David Parsons: “The grandchildren are lovely. I’ll show you something. Who do you reckon this is in this picture? That’s right, it’s the Queen, and see that little boy there? That’s the grandson. He were chosen to present flowers to her and do you know what he said when he gave her the posy?”
Mrs Parson’s chuckled: ” ‘Is being Queen hard work?’ He was always thinking about what he’d do for a job when he grew up. He worried he’d get a job that was too hard for him. He’d ask everyone if their job was hard, and if he thought it was he’d scratch it off his list. Maybe he thought he could be Queen when he grew up, if the work wasn’t too hard! His sister met the Queen one time, too, and she said, ”Do you like being the Queen? Do you really want to be Queen?’ Funny little things, children.”
The row of three attached houses of which Biddy’s Bottom is one, is built on a slope. Being the last house in the row, Biddy’s Bottom is at the bottom of the hill, below the other two houses above.
Mrs Parsons nodded towards her husband: “He was born in the house at the top of this hill, in this row of three houses. Not in the house next door with rounded piece on the front wall, the one the other side of that. Oh, the rounded piece–that’s a baker’s oven… no, it’s not used now … a baker must have lived there once, but that was long before our time.”
David Parsons: “I went to Old Enstone school for a little while. Old Mont went there, too. But he were older than me, he were in the upper school. He were only an average sort of scholar, but that’s where the older children were, and they didn’t really play with us younger ones so I didn’t really see much of him. Then my father sent me away to be schooled …. Look, that’s me at Old Enstone school back then, third right in this photo… and that’s my father with some neighbours in this other photo.”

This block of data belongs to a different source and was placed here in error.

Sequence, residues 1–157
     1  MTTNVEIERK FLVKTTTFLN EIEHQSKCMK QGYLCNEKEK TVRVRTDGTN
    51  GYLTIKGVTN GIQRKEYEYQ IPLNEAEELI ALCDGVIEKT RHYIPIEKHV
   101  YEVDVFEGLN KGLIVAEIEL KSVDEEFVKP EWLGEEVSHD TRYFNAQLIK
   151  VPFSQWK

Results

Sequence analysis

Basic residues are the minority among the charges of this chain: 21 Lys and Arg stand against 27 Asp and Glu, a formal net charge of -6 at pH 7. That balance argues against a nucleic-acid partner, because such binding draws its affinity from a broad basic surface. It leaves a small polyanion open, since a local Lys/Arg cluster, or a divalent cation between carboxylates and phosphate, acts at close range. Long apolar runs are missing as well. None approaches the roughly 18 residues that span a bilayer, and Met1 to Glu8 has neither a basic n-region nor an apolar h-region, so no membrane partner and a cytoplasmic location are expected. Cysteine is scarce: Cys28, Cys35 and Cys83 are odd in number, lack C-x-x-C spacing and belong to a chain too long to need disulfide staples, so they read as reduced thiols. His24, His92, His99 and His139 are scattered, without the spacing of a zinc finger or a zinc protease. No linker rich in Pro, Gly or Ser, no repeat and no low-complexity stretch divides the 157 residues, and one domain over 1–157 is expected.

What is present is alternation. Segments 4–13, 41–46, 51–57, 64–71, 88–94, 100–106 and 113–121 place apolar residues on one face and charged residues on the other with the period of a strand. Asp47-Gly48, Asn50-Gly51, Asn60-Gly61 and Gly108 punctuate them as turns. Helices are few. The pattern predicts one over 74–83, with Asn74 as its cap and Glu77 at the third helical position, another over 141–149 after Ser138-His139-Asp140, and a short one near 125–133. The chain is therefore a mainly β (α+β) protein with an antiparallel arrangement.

He nodded over at his wife and gave a dry laugh: “When we got married we moved into the top house, next-door-but-one to here, with my parents. It got a bit crowded after a while. So her, the wife, and I moved to the house on top of big hill that runs across the top of street here. I had a large vegetable garden and room for my horses. So her and I started in the middle, then went right up to the top, and then when I retired it were all the way downhill from there to Biddy’s Bottom. I still go to work where we used to live, at the house on top of big hill. I look after the garden there. See, the owner of the house had it renovated, and now he rents it out. I keep the garden going because when people rent a house they don’t take care of the garden, and I’ve still got my horses up there as well.
From reading Lifting the Latch, I had gained the impression that Old Mont had been a wonderful gardener, one of the very best; and I had been told that David Parsons, the present owner of Biddy’s Bottom, kept the garden at Biddy’s Bottom exactly as had Old Mont.
Mrs Parsons looked proudly across at her husband. “He keeps a beautiful garden here. Flowers, lovely flowers, out the front and here and there. Grows all our vegetables too. He really looks after them, even puts them to bed every night, covers them up from the frost. Would you like to come out the back and see the garden?”
To be continued …